Barry Jenkin

aka Doctor Rock


“Good evening, citizens.” Those words resonate with a generation of NZ music lovers and will be forever associated with Barry Jenkin (widely regarded as NZ’s John Peel, champion of all music considered left-field), the broadcaster who was once one of the most influential people in the NZ music industry.

There was time in the 1960s, after the NZBC opened the airwaves to “pop music”, when radio announcers (the NZBC frowned on the job description “disc jockeys”) gained regional and sometimes nationwide fame – Des Britten, Justin Du Fresne, Keith Richardson and Pete Sinclair to name a few – and they can rightly claim to have broken many recordings acts, both international and local. In the 1970s formatted radio crept in and then dominated the airwaves. Radio announcers no longer played their own music but were at the mercy of programme directors, regardless of their personal tastes. And then along came Barry Jenkin …

Barry Jenkin in the late 70s. 
Barry Jenkin in the late 70s.
Barry Jenkin in 1980
John Doe, John Sweetman and Barry Jenkin at Dave McArtney's funeral, 2013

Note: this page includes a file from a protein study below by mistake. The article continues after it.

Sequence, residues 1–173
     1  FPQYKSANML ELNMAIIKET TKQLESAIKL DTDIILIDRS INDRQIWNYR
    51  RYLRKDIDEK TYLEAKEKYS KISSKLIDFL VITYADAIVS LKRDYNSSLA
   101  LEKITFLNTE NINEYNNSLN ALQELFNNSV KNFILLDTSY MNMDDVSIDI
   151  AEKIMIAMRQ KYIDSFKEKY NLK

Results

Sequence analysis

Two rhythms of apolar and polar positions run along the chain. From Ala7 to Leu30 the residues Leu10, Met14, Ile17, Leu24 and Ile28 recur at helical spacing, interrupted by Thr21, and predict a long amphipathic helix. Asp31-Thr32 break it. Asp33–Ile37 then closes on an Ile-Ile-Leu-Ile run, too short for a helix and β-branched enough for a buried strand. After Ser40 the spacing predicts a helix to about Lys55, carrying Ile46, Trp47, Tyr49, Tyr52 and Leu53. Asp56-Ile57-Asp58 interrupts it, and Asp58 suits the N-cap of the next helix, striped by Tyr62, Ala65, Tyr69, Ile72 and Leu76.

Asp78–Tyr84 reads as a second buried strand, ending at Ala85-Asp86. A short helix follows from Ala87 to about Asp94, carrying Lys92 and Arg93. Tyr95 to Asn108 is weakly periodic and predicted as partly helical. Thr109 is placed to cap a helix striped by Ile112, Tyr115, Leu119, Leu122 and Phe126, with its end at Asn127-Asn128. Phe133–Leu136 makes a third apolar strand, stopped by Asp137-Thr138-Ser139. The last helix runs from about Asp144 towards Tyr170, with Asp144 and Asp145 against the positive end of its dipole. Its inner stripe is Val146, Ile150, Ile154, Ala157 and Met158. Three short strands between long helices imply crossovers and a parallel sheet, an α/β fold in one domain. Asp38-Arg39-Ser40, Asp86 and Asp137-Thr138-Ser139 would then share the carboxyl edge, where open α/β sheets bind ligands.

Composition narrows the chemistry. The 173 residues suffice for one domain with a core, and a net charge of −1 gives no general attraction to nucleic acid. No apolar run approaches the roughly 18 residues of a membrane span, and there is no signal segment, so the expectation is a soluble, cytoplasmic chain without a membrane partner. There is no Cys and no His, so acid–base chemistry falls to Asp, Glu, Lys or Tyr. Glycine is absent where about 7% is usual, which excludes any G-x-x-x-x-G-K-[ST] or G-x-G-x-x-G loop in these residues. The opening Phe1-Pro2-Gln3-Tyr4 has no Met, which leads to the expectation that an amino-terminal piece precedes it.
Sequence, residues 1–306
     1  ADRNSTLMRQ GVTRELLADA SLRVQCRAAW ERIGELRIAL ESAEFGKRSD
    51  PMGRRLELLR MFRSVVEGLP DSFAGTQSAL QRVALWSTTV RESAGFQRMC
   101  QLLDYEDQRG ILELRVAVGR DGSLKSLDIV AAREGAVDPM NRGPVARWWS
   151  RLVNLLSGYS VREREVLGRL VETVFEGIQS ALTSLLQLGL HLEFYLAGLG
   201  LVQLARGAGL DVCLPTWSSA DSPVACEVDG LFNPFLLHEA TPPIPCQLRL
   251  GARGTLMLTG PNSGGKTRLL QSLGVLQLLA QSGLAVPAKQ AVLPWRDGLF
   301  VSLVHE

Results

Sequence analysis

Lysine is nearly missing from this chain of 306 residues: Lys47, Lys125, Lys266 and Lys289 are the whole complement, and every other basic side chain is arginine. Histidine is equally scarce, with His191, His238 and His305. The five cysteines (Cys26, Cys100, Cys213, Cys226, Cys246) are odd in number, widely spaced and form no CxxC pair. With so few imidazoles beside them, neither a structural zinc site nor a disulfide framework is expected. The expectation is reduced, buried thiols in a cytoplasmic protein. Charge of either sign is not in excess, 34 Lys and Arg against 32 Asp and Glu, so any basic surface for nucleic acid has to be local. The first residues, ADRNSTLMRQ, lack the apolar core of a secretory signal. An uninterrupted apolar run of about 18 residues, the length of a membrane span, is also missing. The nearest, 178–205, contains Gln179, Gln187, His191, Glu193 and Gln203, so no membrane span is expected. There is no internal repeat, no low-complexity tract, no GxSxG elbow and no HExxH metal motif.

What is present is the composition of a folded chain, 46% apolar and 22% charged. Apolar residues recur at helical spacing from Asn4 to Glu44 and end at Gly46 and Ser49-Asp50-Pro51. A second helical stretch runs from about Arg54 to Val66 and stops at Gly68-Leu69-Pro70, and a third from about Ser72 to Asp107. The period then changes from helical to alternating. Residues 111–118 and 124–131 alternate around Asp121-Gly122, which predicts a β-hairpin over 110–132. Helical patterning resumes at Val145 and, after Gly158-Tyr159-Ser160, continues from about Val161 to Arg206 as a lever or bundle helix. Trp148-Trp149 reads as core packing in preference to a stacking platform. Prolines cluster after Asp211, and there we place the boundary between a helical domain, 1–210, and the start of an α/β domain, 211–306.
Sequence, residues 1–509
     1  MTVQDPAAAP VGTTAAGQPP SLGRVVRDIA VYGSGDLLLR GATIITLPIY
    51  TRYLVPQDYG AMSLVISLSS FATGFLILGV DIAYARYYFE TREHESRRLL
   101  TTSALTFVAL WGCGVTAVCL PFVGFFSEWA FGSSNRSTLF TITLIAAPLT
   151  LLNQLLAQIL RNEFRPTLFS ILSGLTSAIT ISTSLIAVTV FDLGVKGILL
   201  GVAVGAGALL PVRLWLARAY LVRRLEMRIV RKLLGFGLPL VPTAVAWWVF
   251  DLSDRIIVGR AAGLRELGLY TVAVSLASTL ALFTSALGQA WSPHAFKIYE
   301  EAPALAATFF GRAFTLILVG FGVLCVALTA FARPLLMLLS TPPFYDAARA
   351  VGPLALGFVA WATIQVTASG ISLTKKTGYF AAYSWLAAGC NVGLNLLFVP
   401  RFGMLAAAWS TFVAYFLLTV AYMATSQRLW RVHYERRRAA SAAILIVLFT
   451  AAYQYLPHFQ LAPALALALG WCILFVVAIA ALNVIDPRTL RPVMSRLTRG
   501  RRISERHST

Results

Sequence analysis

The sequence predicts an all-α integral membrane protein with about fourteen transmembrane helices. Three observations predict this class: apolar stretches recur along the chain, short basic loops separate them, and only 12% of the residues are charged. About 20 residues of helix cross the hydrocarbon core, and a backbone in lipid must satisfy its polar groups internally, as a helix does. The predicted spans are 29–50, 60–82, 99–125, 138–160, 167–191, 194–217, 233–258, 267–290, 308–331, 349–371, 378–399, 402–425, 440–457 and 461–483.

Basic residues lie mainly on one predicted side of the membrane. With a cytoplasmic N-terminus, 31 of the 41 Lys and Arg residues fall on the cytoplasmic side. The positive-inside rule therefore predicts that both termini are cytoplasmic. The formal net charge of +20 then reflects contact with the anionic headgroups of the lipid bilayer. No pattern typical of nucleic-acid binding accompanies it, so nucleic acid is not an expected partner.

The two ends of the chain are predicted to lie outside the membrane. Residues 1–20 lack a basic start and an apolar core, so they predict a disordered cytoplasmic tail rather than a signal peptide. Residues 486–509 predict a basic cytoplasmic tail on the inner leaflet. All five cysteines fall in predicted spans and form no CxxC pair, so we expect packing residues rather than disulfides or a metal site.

Photo credit: Peter Fyers
Barry Jenkin with Karyn Hay on Radio With Pictures (17 June 1984)
Bob Gentil and Barry Jenkin
Photo credit: Picture by Peter Fyers
Barry Jenkin interviewed by Brent Eccles, 2020
Barry Jenkin
Photo credit: Picture by Peter Fyers
Barry Jenkin
Photo credit: Larry Killip
Barry Jenkin, 1978
Barry Jenkin
Photo credit: Larry Killip
Barry Jenkin had a lifelong love of flying. He wrote on Facebook about his escapades in this plane during the pirate days of Radio Hauraki: “I wasn’t there then except for picking up tapes from Anzac Ave, motorcycle to Ardmore, fly ’em to Claris, give ’em to Ngaire Gibbs who gave ’em to Bill who took ’em out on his Marauder. This while working for RNZ. Lucky no one found out at the time.”
Photo credit: Barry Jenkin Collection

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